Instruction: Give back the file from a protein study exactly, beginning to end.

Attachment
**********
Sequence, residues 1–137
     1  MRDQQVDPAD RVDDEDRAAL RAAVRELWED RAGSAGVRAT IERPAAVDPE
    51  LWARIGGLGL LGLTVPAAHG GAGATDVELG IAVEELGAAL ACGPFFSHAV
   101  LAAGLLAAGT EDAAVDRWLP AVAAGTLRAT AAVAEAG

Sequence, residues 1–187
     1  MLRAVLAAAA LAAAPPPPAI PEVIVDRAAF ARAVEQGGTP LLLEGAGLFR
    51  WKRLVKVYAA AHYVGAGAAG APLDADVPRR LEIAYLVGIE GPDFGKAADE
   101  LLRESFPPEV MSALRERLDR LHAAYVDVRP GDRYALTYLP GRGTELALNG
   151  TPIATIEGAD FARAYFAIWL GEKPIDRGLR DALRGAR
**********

Sequence, residues 1–137
     1  MRDQQVDPAD RVDDEDRAAL RAAVRELWED RAGSAGVRAT IERPAAVDPE
    51  LWARIGGLGL LGLTVPAAHG GAGATDVELG IAVEELGAAL ACGPFFSHAV
   101  LAAGLLAAGT EDAAVDRWLP AVAAGTLRAT AAVAEAG

Sequence, residues 1–187
     1  MLRAVLAAAA LAAAPPPPAI PEVIVDRAAF ARAVEQGGTP LLLEGAGLFR
    51  WKRLVKVYAA AHYVGAGAAG APLDADVPRR LEIAYLVGIE GPDFGKAADE
   101  LLRESFPPEV MSALRERLDR LHAAYVDVRP GDRYALTYLP GRGTELALNG
   151  TPIATIEGAD FARAYFAIWL GEKPIDRGLR DALRGAR